From Alaska to Maine: The Road to Expert Trainer Starts With a ‘Fall’

From Alaska to Maine: The Road to Expert Trainer Starts With a ‘Fall’
A Certified Environmental Instructor (CET), Mike Harrington runs his own business providing water, wastewater and industrial wastewater treatment training across the country, working for USABlueBook, colleges, manufacturers and regulatory agencies. (Photos courtesy of Mike Harrington)

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Mike Harrington has seen a lot in his 18 years developing and providing certification training for wastewater treatment and water system plant operators. And it’s a good thing he’s done a lot himself over the course of his entire career, because it gives him insights into the challenges many of his students face. 

Like many others in the field, he admits to falling into the profession instead of choosing it as a career path. From his initial operational roles in water and wastewater plants, he eventually went to work marketing the systems and technologies used by these plants for their manufacturers. He later moved from marketing into product training, which eventually led to his current career. 

A Certified Environmental Trainer (CET), Harrington today runs his own business, C.M. Harrington, providing water and wastewater treatment training across the country, working for USABlueBook, colleges, manufacturers and regulatory agencies. It’s a role he enjoys despite the fact it keeps him on the road from Maine to Alaska more days a year than he is back in his Maryland home office. 

Not always a chosen profession 

When asked about the challenges of operator certification today, Harrington doesn’t hesitate to share what he feels is one of the biggest challenges for trainers today. 

“Just like me, a lot of the superintendents and operators attending my courses never chose this occupation,” he explains. “They may have had another role in municipal government, or been laid off another job and applied for an opening in the water or wastewater plant. Some have high school degrees, some two- and four-year college degrees. I’ve had former chefs, carpenters, electricians, plumbers and assembly line workers attend my classes to get licensed.”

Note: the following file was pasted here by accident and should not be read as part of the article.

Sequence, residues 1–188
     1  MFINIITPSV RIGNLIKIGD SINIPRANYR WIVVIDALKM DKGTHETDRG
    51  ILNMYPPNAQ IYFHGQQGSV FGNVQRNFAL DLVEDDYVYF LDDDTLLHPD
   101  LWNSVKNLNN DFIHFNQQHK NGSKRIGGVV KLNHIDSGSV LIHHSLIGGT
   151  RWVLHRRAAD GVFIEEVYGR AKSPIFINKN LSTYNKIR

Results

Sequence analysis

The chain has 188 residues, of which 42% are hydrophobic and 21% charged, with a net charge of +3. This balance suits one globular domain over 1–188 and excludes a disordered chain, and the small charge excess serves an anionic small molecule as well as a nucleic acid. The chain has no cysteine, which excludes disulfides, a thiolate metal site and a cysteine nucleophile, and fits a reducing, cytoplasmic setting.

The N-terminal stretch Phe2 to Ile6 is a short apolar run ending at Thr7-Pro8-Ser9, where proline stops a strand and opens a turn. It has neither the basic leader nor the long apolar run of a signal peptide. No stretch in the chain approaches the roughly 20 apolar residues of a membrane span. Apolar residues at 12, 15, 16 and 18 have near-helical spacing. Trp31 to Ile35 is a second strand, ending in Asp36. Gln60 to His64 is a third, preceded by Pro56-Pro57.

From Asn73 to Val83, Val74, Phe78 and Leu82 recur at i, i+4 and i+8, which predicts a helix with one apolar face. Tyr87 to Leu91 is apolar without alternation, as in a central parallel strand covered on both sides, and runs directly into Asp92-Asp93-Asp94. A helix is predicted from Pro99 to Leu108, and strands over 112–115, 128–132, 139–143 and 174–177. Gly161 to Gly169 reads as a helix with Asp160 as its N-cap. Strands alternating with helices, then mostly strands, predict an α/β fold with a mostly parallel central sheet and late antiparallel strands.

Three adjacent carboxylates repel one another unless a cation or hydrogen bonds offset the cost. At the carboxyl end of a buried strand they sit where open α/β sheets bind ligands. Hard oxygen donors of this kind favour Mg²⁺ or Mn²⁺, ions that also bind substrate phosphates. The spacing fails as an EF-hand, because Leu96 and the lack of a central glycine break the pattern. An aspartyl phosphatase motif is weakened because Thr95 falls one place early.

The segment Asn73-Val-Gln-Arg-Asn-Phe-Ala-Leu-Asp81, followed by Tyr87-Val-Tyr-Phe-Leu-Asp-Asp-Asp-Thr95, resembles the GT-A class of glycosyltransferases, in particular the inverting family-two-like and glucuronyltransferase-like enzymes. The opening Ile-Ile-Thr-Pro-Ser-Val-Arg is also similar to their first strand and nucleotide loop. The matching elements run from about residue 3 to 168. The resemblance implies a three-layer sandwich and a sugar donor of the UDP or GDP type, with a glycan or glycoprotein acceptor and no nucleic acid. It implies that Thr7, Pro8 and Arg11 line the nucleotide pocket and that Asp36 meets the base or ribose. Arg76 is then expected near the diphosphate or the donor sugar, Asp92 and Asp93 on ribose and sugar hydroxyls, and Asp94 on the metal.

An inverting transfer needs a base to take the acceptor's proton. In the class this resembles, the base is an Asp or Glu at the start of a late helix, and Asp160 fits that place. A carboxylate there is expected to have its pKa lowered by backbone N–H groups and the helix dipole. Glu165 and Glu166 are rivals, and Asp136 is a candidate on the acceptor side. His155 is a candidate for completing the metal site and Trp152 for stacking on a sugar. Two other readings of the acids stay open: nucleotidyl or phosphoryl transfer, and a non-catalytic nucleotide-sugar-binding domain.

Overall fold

Over the course of 150 to 200 classes a year, Harrington will stand in front of upwards of 4,000 operators. Some have never stepped inside their plant’s lab. Others walk into the classroom right after eight hours on third-shift. “Some have 30 years of experience and are due for recertification, while others were put in the job only recently and given a couple of years — or even only a couple months — to get certified,” says Harrington. 

“Some are not familiar with the terminology or have ever heard about some of the technologies we’re talking about. It’s definitely a challenge to provide an environment of learning that takes into account all these different backgrounds and educations but still enables everyone to legitimately earn the hours for certification or recertification they need.” 

Encouraging learning 

One of the techniques Harrington relies on in the more than a dozen different workshops he provides through USABlueBook is to keep the training interactive. From icebreakers such as asking attendees to name the “Top 10 Reasons To Be A Water Treatment Operator” to giving them a chance to check samples of wastewater under a microscope, he says the key is to keep momentum and employ diversions. “A workshop that’s all PowerPoint slides will put anyone to sleep,” Harrington says. 

Demonstrations, hands-on activities, even small prizes for correct answers, help to keep everyone engaged and even make learning fun. “Believe it or not, it can be intimidating for anyone with only a high school background when they find out that they may have to do math as part of their certification training,” he says.